In addition to xenobiotic metabolizing enzymes involved in the first phase of detoxification, we also identified genes involved in the second phase of the xenobiotic metabolism, particularly glutathione-S-transferase (GST), which was over-expressed by 1.5 fold in the heavily-polluted Tiber site. Following addition of reactive functional groups by CYPs in phase I, phase II enzymes catalyze the conjugation of the xenobiotic parent compound or its metabolites with an endogenous ligand, thus facilitating its excretion [46]. GSTs are a multigene superfamily of dimeric multifunctional enzymes that catalyze the conjugation of metabolites by covalently adding reduced glutathione (GSH). Based on their biochemical, immunologic and structural properties, GSTs are categorized into 4 main classes: alpha, mu, pi, and theta. The gene over-expressed in the Tiber samples was glutathione S-transferase pi (GSTP1), previously described in many fish species including the European eel (GenBank accession number AAS01601). In contrast with phase I enzymes, an increase in GST activity as a response to xenobiotics like the one found in our study in the highly polluted Tiber site does not seem to be universal, and while some studies show a higher enzyme activity, others do not observe changes or even report negative results. In this sense, a review of 43 laboratory and 39 field studies in fish only reported a significant GST increase in 33% of the studies [46]. Besides biotransformation or metabolic enzymes, many pollutants have been shown to exert toxic effects related to oxidative stress [47]. Antioxidant enzymes such as superoxide dismutase (SOD), catalase (CAT) or glutathione peroxidase (GPOX) defend the organisms against oxygen toxicity and are critical during the detoxification of radicals to non-reactive molecules. In our study, GPOX was upregulated in samples from the highly-polluted Tiber site and was included in the two annotated clusters that were significantly enriched. GPOX is a peroxidase that plays an important role in protecting membranes from lipid peroxidation damage. The increased GPOX activity observed in our study contrasts with the lack of response of GPOX to pollution found in most studies. The review of Van der Oost et al. [46] reported a positive response on GPOX in only 14% of field studies, limited to chub Squalius cephalus and grey mullet Mugil cephalus. Regarding other antioxidant enzymes, the European eel platform developed in this study included 3 transcripts encoding for SOD, only one of which was upregulated in the samples from the Tiber site, although not significantly so. No transcripts showing a significant match with CAT were included in the platform.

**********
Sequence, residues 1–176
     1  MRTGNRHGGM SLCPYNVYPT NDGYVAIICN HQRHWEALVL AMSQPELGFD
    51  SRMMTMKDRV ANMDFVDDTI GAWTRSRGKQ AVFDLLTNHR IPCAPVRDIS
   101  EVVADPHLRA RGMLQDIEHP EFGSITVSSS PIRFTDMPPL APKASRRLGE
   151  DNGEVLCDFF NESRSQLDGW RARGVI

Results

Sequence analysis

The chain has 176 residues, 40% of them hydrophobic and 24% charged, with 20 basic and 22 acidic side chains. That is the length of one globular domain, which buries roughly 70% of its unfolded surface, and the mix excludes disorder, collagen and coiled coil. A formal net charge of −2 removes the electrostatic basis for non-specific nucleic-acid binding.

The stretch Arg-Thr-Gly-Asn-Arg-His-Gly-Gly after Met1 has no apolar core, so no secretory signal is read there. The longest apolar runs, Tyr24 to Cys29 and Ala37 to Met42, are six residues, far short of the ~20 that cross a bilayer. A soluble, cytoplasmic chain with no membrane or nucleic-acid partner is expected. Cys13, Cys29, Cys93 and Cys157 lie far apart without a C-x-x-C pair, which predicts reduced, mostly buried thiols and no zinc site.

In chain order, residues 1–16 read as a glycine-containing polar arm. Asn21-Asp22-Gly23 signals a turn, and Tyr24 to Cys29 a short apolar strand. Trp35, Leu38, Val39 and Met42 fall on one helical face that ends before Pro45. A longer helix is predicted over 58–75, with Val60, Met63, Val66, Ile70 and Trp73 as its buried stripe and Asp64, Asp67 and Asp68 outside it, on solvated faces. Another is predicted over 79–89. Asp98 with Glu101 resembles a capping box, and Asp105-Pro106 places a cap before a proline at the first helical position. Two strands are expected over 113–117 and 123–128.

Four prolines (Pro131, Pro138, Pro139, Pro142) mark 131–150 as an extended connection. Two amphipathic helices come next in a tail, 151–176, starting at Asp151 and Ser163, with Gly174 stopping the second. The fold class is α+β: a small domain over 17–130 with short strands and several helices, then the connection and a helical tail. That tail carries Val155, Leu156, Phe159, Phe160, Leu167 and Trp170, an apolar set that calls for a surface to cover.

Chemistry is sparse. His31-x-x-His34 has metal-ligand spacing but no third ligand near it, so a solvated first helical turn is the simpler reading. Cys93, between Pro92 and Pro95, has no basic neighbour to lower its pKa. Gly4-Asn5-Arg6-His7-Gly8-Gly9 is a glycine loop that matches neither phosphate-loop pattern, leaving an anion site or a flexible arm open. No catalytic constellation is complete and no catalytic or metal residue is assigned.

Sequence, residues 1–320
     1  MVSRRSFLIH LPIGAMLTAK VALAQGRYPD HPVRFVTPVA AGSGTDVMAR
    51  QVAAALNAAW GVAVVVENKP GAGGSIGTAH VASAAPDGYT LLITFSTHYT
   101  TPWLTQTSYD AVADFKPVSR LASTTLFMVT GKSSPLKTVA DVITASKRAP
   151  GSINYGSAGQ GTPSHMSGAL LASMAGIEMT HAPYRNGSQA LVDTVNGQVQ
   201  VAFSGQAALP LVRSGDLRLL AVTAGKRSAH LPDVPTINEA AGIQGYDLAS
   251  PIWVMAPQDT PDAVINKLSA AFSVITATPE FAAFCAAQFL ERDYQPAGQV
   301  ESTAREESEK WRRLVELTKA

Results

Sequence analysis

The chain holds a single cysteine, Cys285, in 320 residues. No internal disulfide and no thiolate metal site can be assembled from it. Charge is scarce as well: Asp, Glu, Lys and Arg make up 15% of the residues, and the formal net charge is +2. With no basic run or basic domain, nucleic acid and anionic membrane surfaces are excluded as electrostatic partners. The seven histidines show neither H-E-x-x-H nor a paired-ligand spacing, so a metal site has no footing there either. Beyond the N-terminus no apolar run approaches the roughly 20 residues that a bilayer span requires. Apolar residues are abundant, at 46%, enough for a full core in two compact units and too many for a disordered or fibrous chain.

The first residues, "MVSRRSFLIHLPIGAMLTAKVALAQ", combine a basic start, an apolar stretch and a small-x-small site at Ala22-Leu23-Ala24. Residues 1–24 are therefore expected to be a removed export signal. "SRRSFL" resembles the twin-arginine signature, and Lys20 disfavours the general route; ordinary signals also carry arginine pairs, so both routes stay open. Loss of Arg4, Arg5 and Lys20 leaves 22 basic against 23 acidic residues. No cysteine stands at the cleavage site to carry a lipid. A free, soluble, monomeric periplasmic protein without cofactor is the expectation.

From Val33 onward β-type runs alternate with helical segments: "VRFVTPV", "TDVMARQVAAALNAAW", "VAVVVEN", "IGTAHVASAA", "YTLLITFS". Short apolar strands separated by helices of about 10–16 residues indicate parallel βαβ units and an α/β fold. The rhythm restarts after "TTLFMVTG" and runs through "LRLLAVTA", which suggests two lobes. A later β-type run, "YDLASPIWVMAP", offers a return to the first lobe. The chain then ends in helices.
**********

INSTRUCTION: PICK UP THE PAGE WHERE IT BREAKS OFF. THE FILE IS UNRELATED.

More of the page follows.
Along with detoxification genes, environmental stress has been proposed to induce the synthesis of proteins involved in protection and repair of the cell in response to environmental perturbations, including stress (heat shock) proteins, metallothioneins and multi-xenobiotic resistance (MXR) transmembrane proteins. In particular, metallothioneins constitute a superfamily of proteins involved in the regulation and/or detoxification of a wide variety of metals (e.g., Cd, Cu, Zn, Hg, Co, Ni, Bi and Ag; [48,49]). However, in our study, metallothioneins were not over-expressed in samples from the highly-polluted Tiber site. The European eel array developed in this study included at least 11 transcripts encoding metallothioneins, and while most of them (82%) showed a higher expression in Tiber than in Bolsena samples, differences were not statistically significant. In contrast with our study, a straightforward positive dose–response association to single pollutants for metallothioneins has been documented in experimental studies in European glass eels [32]. However, many biotic and abiotic factors can influence gene expression in nature [10], leading to discrepancies between field and experimental studies [50]. On the other hand, examination of differences in gene expression between polluted and unpolluted populations of Atlantic cod (Gadus morhua) from western Norway using gene expression profiling showed genes related to metal stress including metallothionein to be upregulated in the polluted locations [51], which confirms early experimental results in fish (i.e. brown trout, [52]). The recent study of Milan et al. [53] on expression profiling in the Manila clam Ruditapes philippinarum reported four transcripts encoding metallothioneins over-expressed in samples from a highly polluted area. In the same study, up to nine GST-coding transcripts were upregulated in the polluted area.

Some of the genes over-expressed in the highly polluted Tiber site could be potentially used as genomic markers (biomarkers) for environmental genomics, including the European eel CYP3A gene ortholog to CYP3A65 in zebrafish, glutathione-S-transferase and glutathione peroxidase. However, it should be noted that further studies are required to confirm the adequacy of the potential biomarkers identified in our study, including a full characterization of the genes, the analysis of variation across sexes and habitats and the temporal stability of their expression, in order for them to be unequivocally used as valid biomarkers.

Pollution is associated with decreased energy production